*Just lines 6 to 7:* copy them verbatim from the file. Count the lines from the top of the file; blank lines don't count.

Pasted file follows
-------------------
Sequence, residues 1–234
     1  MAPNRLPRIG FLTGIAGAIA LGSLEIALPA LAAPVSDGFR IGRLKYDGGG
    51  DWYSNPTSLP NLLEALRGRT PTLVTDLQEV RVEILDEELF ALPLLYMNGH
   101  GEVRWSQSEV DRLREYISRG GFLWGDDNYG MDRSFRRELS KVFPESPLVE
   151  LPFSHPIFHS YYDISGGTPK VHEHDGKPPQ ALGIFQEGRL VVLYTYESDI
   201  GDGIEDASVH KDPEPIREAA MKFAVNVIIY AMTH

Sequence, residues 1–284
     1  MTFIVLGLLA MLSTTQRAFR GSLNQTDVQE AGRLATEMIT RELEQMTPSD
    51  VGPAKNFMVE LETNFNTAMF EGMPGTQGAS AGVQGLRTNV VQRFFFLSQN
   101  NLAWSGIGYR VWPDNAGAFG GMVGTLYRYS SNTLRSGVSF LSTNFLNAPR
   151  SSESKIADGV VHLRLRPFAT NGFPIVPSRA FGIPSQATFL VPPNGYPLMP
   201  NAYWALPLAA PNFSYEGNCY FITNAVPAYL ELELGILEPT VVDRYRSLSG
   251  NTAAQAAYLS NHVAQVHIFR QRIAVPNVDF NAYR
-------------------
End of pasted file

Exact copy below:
   201  GDGIEDASVH KDPEPIREAA MKFAVNVIIY AMTH

Sequence, residues 1–284